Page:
The South Korean regulatory authority has decided to continue with the initial coin offering (ICO) ban within its jurisdiction, according to an official announcement made by the Financial Services Commission (FSC).
The decision taken by the country’s financial regulator is based on the results of a recent survey conducted by the Financial Supervisory Service (FSS) on several token offerings administered from outside the country. The FSS found that most of them are following illegal practices to raise money from South Korean investors.
Shady Tricks for Raising Funds
In the ICO survey, the FSS sent questionaries to 22 South Korean blockchain firms which conducted ICOs in the global platform raising around 566.4 billion won ($509 million) since the second half of 2017. However, only 13 firms replied to the agency’s inquiries.
The study revealed that many South Korean companies are setting up shell companies in crypto friendly jurisdiction like Singapore and Switzerland to circumvent the countries ICO ban. This also allowed the firms to attract Korean investors as the payments were done mostly in Bitcoin or Ethereum.
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In addition, some ICOs did not even disclose essential pieces of information like company profiles and financial statements. The survey also found that in some cases, the companies even furnished false information to potential investors.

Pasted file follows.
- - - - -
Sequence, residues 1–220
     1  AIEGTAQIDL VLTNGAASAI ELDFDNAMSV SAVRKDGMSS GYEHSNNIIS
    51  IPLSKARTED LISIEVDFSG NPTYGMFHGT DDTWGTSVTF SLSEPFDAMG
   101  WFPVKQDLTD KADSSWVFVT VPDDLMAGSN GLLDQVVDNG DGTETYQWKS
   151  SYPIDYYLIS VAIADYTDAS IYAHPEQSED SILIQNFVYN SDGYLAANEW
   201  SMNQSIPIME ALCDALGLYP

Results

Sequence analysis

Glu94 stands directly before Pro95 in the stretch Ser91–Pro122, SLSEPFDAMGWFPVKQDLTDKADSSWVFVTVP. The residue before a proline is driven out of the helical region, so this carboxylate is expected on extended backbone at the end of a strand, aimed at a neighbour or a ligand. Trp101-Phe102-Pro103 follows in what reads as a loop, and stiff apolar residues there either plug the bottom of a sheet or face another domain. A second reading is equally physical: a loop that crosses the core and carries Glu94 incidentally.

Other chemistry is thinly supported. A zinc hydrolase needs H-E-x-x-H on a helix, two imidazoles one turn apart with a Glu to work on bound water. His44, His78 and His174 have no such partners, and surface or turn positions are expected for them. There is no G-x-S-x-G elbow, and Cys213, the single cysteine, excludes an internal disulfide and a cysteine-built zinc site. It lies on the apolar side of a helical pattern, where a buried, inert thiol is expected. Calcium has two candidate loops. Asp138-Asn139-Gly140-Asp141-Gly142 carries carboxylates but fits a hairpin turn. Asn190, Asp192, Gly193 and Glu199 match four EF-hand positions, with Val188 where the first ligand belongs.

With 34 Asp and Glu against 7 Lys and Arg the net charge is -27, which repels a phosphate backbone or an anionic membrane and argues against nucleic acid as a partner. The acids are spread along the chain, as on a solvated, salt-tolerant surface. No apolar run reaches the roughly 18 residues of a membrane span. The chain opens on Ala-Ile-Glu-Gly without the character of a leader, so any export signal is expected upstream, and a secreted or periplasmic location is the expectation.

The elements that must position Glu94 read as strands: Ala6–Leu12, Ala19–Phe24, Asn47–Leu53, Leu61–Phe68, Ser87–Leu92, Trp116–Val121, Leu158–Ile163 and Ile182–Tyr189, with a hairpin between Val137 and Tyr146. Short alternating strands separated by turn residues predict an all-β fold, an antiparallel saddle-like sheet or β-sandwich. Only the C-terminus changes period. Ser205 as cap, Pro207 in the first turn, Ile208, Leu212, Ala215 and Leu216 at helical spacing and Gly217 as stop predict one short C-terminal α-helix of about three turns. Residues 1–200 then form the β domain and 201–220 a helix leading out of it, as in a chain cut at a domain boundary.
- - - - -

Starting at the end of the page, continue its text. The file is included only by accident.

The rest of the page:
According to the FSS’ report, the average value of the ICOs plunged by 67.7 percent since launch.
South Korea put a ban on then booming ICOs in September 2017 citing lack of stability of the digital asset prices. The authorities even pointed out that the asset prices can be easily manipulated by the issuers to get high prices from the potential investors.
Despite the hard stance of the government, many blockchain groups in the country were pushing for a lift of the ban as, last month, a blockchain company went to a local court calling the ban “unconstitutional”. However, after the results of the FSS survey, it is hard for the blockchain firms to get permission even from the court to issue an ICO in South Korea.